Sound Ecology: a Proposition
Humankind’s ideas about sound have evolved, starting during the era of cave dwellers, who took advantage of the aural environment in caves to enhance the sounds that accompanied cave painting rituals. Caves are reverberant, and the effect of sounds chanted within such environments have vastly different emotional effects from the same sounds chanted in an open field. Today, in the twenty-first century, we are beginning to ‘hear’ buildings that incorporate sound as an interactive aspect of the building façade (DWi-P). We also have buildings that use new technologies for sound isolation and sound projection, and digitally controlled systems that offer built sound environments that exceed the technical possibilities of sound rooms from past eras (EMPAC).
The making of architecture inherently relates to the creation of different sound environments, even if those aural environments are not an explicit part of the building program, and even if the architects and building clients are not aware that they have created an aural environment every time they build a project. The Sound Urbanism/ Sound Ecology course is aimed at making students of architecture, music, and the fine arts sensitive to the affect of built environments, and sound- marks within that environment, on our aural, or sound, ecology. The course will reinforce how architects and artists have control over the sound arena of the environments that they interact with, and will make musicians sensitive to performance environments to allow a better understanding about the aural possibilities of indoor and outdoor spaces.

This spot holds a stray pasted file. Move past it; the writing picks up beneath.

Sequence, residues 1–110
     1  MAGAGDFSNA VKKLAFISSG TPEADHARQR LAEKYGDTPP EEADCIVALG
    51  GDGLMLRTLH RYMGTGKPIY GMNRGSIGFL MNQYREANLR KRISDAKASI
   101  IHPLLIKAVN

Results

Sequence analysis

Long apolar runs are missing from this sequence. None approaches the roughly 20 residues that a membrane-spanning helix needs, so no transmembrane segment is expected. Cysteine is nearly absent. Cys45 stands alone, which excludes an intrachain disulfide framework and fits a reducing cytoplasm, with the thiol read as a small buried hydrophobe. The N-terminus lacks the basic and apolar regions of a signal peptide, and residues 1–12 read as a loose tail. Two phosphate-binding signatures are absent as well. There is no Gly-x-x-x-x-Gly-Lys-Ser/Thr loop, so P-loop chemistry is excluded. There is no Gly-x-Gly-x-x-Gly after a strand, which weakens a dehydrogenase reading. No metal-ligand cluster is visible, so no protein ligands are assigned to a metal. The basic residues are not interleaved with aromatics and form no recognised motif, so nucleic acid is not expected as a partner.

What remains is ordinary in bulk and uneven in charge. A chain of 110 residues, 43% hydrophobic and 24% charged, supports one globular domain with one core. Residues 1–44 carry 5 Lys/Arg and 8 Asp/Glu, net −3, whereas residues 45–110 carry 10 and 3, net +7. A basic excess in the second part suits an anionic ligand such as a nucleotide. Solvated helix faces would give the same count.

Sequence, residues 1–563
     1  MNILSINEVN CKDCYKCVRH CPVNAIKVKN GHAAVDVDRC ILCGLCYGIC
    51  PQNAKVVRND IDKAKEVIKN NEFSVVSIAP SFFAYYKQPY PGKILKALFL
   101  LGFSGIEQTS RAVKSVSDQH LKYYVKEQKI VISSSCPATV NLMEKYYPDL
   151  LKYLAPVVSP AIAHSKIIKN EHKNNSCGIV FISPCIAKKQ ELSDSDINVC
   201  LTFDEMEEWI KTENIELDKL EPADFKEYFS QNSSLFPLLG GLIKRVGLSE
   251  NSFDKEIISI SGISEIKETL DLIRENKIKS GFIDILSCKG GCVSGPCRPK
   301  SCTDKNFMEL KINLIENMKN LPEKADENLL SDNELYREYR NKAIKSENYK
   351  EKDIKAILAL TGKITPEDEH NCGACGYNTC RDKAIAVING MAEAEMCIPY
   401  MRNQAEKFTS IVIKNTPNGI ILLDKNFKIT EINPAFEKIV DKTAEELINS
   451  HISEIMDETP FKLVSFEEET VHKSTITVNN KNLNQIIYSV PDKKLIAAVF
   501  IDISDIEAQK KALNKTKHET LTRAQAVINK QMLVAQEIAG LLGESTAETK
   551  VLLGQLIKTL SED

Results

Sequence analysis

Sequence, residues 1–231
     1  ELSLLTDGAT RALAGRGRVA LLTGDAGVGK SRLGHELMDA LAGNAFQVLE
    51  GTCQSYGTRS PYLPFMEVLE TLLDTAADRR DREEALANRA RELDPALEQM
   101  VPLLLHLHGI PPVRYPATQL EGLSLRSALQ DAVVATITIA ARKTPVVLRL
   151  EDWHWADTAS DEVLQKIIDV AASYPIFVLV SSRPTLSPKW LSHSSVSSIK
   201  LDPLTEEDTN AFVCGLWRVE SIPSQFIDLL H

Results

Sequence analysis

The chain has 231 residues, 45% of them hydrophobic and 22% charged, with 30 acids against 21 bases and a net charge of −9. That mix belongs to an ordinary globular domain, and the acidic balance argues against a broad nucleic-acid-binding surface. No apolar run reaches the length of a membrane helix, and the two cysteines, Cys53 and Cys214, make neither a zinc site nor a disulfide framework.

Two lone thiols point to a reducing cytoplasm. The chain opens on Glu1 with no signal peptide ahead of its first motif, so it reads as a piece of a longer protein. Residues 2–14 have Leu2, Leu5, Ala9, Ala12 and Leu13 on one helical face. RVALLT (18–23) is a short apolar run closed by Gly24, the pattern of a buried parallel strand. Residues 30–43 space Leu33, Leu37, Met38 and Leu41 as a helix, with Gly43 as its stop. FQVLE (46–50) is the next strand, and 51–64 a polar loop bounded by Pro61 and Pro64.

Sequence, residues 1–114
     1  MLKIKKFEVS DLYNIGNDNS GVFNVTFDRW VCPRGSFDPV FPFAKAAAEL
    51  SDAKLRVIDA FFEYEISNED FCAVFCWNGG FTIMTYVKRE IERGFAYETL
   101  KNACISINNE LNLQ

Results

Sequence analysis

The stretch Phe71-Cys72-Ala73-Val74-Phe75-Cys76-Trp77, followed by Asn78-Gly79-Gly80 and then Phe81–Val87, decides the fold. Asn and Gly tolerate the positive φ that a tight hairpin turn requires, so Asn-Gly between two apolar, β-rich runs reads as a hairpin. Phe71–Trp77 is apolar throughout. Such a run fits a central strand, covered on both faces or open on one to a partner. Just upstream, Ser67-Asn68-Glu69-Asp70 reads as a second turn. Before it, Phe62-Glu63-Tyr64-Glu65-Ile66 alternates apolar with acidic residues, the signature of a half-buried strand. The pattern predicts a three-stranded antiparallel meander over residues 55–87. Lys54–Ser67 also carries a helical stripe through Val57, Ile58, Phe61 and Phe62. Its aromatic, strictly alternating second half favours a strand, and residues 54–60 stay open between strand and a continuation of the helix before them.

Architectural design is the creation of an envelope that controls the sound, light, air and other forces of a specific location in space and time. In this seminar, we focus on the control of sound, and the identification of various factors that affect sound in the built environment. Buildings and outdoor spaces designed without sensitivity to the aural environment are also, often, not successful. Often, designers ignore the aural environment. But if sound is controlled, it makes an enormous difference to the experience of the building or landscape. When you go to see a movie, for example, sound is tightly controlled by the team who developed the film score. Rooms can be like film scores - and emphasize their public or private nature, through sound.
Cities and urban plans are intimately related to sound. The creation of cities in the past included the idea of an aural border (the edge of town): it represented the perimeter that a landscape would allow for the propagation of civic communication through the city’s main public buildings, including churches and church bells, fire stations and fire alarms to call out fire locations, factories and whistles to announce the start of the factory work day, as well as other civic institutions that use sound signals for civic communication. City planning includes the design of appropriate sound environments for residential areas, schools, libraries, or public performance venues.
Similarly, Victoria Meyers architect's 'LightScore' performed at the Kitchen space for Performance and Art in New York City, also explored the boundaries between form, space, light and sound.
Shown above, the 'Music Box' designed in 2009 for Michael Schumacher; and, adjacent, Michael Schumacher on piano. The Music Box is an Anamorph, in reference to Michael's work with Victoria, which involved a set of aesthetic propositions around the concept of sound, as a formal element, within the urban environment. The class will design their own concept for a Music Box as a class project, for UC Composer Dr. Mara Helmuth.
For more information about Sound Urbanism, see earlier posts by this blog. In 2014 Victoria will be publishing Shape of Sound, with Black Dog Publishers, London.